In Tune with Torah this week = never underestimate the power of an act of kindness and hospitality towards others. Do what is right because it’s the right thing to do and leave the results to God.

Shabbat shalom

Weekly Torah Commentary – Vaiera October 30, 2015

Genesis 18-22

“Take your son, your only son, the one you love – Isaac – and go to the land of Moriah. Offer him there as a burnt offering on a mountain I will show you.” This is one of the most famous events in Torah and also one of the most enigmatic.

At first glance it seems like a horrific ‘test’ and how could God ask such a thing of Abraham? Did He not miraculously give him this beloved son?

And why did God need to ‘test’ Abraham at all? Doesn’t God know the human heart better than we know ourselves?

Traditional interpretations and commentaries on this passage abound. Let’s take a bit of a different look at it.

Historically we know that child sacrifice was not rare in the ancient world. It was sadly commonplace among the pagan societies. It is looked upon with horror throughout the Bible. How, then, could Abraham be commanded to do what his descendants were commanded NOT to do?

Abraham was chosen to be a father. “For I have chosen him so that he will instruct his children and his household after him to keep the way of the Lord by doing what is right and just.”

To understand the binding of Isaac we have to understand something about the world of that time. Before cities and civilizations, the fundamental unit was the family. Each family had its own gods which usually included the spirits of dead ancestors. The authority of the father was absolute over his wife and children. As long as the father lived, the children were ‘property’ rather than persons in their own right. When the father died, the authority went to the firstborn son – whether he was righteous or not.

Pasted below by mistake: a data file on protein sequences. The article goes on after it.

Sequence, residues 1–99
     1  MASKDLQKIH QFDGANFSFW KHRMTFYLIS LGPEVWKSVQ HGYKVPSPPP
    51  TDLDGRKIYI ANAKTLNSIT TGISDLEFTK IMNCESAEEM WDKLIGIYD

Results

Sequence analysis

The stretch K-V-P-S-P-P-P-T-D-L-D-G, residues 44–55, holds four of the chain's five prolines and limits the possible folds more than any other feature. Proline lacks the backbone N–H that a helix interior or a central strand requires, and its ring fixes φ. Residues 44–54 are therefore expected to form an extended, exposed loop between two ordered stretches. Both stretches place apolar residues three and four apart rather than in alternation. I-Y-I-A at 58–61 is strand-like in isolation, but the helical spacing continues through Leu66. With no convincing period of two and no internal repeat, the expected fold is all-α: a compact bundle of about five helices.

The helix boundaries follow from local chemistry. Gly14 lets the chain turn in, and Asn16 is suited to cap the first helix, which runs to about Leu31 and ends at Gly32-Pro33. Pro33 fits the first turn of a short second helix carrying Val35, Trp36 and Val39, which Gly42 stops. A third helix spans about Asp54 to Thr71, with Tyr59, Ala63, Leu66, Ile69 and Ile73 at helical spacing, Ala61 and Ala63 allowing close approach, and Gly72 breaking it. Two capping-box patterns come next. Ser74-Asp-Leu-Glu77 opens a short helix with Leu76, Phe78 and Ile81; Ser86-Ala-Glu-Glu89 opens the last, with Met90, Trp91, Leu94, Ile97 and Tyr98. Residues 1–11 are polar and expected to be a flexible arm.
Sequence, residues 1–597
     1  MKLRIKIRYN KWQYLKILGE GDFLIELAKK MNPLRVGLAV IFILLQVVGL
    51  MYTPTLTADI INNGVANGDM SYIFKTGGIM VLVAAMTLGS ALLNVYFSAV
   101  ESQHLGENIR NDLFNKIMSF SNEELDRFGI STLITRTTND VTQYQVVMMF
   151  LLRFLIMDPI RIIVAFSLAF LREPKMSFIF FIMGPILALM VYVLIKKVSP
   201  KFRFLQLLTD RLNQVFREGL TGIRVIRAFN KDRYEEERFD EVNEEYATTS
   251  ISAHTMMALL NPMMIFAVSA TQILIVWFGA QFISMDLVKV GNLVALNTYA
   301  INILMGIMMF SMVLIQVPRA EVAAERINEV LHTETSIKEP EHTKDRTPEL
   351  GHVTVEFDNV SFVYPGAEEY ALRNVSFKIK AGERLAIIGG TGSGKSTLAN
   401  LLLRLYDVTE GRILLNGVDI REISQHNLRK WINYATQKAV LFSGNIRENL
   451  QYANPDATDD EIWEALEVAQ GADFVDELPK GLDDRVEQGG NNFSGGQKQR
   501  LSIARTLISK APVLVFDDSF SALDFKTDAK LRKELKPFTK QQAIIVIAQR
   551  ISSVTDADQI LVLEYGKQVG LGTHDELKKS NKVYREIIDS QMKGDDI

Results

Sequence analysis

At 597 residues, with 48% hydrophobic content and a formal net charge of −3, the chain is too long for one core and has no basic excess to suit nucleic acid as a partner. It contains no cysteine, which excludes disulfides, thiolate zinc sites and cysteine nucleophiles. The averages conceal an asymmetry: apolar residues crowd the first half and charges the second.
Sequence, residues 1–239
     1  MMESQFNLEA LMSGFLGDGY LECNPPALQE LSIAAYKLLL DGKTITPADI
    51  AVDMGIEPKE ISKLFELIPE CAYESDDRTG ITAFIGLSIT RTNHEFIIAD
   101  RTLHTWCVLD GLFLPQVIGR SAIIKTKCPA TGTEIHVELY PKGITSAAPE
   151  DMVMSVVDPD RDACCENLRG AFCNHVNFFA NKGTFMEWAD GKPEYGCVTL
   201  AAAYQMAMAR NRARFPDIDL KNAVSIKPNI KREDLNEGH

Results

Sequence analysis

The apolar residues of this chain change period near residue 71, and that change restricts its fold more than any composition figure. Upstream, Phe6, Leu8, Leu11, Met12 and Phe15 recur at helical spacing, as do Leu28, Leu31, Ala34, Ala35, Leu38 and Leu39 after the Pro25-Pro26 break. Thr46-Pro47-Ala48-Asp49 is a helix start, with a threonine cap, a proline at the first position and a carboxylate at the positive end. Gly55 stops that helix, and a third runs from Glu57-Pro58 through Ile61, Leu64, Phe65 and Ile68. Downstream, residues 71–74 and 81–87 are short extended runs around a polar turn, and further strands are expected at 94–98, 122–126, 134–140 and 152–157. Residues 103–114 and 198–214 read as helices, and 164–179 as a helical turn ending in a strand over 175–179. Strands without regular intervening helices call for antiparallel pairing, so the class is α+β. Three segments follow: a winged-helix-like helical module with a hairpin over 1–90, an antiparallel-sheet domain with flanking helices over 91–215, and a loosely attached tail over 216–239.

The Torah directly opposes this worldview. It includes no sacrifices to dead ancestors and communicating with the dead is explicitly forbidden. And succession does not automatically pass to the firstborn as it did with the pagans; not to Ishmael but to Isaac; not to Esau but to Jacob; not to Reuben but to Levi for the priesthood.

The entire story of Isaac is a direct contradiction to the prevailing thought of the time that children are ‘property’. Consider: Isaac’s birth is a miracle, as was Samuel’s some centuries later. When her son is born Hannah says, “I prayed for this child, and the Lord has granted me what I asked of him. So now I give him to the Lord. For his whole life he will be given over to the Lord.” This passage is parallel to the message from an angel telling Abraham to refrain from killing his son: “Now I know that you fear God, because you have not withheld from Me your son, your only son” (the statement appears twice, in Gen. 22:12 and 16).

The test was not whether Abraham would literally sacrifice his son but whether he would surrender Isaac completely to God, whether Abraham would relinquish ‘ownership’ over the son he had longed for and recognize that Isaac is an individual with his own life to lead, his own calling and relationship with God to pursue.

What God was doing when he asked Abraham to offer up his son was not requesting a child sacrifice. He wanted to change the worldview and establish a non-negotiable law that children are not the ‘property’ of their parents but a blessing from Hashem to be nurtured, taught and led to fulfill their unique calling and destiny according to the will of God.

Is this not why three of the four matriarchs were able to have children only by divine intervention? God wanted us to know that children are a gift from Him, not simply a biological accident or event.

It’s very interesting to note that at the birth of the very first human being, Cain, Eve says, “With the help of the Lord, I have acquired a man.” It’s clearer in the Hebrew than in the English translation. What she was really saying was ‘I have purchased with my effort and pain a child for myself.’ That child became the first murderer. Not a very good ending to that story!